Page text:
Monday, June 17, 2024

The Nexis of Mobilization & Engaged (or lack thereof) Voters

By Michael Bitzer

As we get into the summer lull of the general campaign before the unprecedented first presidential debate, followed by the party conventions (along with the Olympics in between the conventions), watchers of American politics are being bombarded by poll after poll about where various races stand. 

In other words, it's the dog days of summer and horserace polls that only tell us so much several months out from the general election. 

But one thing that has struck me is the early focus on who will likely be '2024 voters' and how the two parties (and other parties as well) will seek to motivate, mobilize, and get their voters--both the diehard engaged and those 'disengaged'--to November's polls.

In North Carolina, for political analysts and (especially) political operatives and campaigns, data can tell us which voters have been 'consistent' participants in their voting habits (thus, what we could describe as engaged voters), as opposed to those who are registered, but for whatever reason, just don't show up--what the AP focused on in a recent article on disengaged voters in the Old North State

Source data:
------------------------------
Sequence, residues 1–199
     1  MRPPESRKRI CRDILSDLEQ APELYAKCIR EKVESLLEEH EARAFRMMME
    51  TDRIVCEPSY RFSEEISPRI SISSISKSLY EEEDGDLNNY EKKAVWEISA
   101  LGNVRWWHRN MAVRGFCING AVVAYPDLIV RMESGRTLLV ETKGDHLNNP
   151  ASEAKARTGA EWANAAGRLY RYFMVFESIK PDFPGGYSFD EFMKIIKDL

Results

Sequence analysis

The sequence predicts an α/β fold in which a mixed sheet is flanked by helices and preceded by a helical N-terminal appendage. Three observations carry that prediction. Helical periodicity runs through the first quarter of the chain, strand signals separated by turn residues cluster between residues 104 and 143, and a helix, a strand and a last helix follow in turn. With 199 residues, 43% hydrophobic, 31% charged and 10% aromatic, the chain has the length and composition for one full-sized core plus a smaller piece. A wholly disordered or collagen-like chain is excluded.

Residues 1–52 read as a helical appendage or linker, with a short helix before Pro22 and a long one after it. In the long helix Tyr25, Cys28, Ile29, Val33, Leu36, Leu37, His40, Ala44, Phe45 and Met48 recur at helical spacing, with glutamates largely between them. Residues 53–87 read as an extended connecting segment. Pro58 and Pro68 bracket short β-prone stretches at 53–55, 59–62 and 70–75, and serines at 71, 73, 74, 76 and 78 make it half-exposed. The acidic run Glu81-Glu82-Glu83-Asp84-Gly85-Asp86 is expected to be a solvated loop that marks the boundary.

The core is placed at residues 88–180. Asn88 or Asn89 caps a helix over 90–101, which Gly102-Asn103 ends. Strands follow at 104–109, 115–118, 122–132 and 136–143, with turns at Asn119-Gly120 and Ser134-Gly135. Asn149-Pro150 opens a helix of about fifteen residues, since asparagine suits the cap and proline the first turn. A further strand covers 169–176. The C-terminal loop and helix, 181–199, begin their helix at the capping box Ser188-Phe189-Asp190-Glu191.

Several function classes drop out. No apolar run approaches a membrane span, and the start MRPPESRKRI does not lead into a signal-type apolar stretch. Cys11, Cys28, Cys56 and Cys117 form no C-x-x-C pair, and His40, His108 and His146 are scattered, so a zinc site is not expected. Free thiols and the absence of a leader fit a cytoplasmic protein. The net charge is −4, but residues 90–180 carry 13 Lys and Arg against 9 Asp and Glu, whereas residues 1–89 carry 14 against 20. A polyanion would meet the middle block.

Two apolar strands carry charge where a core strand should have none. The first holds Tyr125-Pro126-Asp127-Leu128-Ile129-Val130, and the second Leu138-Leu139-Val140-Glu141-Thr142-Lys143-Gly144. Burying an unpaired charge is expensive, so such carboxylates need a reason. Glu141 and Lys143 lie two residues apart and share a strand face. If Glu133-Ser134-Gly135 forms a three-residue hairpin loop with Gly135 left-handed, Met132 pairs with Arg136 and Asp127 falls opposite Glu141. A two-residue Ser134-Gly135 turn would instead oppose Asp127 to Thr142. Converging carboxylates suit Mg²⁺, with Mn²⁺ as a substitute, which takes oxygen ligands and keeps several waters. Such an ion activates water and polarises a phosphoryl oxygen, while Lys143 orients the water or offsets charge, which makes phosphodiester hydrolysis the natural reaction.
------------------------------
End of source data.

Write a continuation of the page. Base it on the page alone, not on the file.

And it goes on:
One recent example in North Carolina is enlightening as to the cause and effect when it comes to voters who cast ballots--or more importantly, don't mobilize to cast a ballot. 

The most recent election of 2022 in North Carolina featured what was thought of as a highly competitive U.S. Senate election between Republican Ted Budd and Democrat Cheri Beasley, the first African American woman to run for that office in the state. 

In the end, Budd won with 50.5 percent of the vote to Beasley's 47.3 percent of the vote, with a difference of 121,737 votes. 

With such a close election, it got me to thinking about, would there have been an opportunity to make 2022 even closer of an election, based on perceived voter engagement?

Thinking About Voter Engagement

To demonstrate a level of voter engagement, I want to take readers back to 2018's election, a unique election environment in the state known as a "blue-moon election cycle." Meaning, once every twelve years, North Carolina does not have a major state-wide contest on the mid-term ballot: no U.S. Senate race, nor any state-wide executive contests (because they are during presidential election years). 

So, with no 'top-of-the-ticket' major contest to focus voter attention on, it's usually thought that these 'blue-moon' mid-term elections would be low-level events for voters. But 2018 was unique, in that it was the mid-term referendum on the polarizing Trump presidency (as most mid-term elections are), and ultimately 53 percent of North Carolina's registered voters participated (the estimated national turnout average of 50 percent, per the U.S. Elections Project).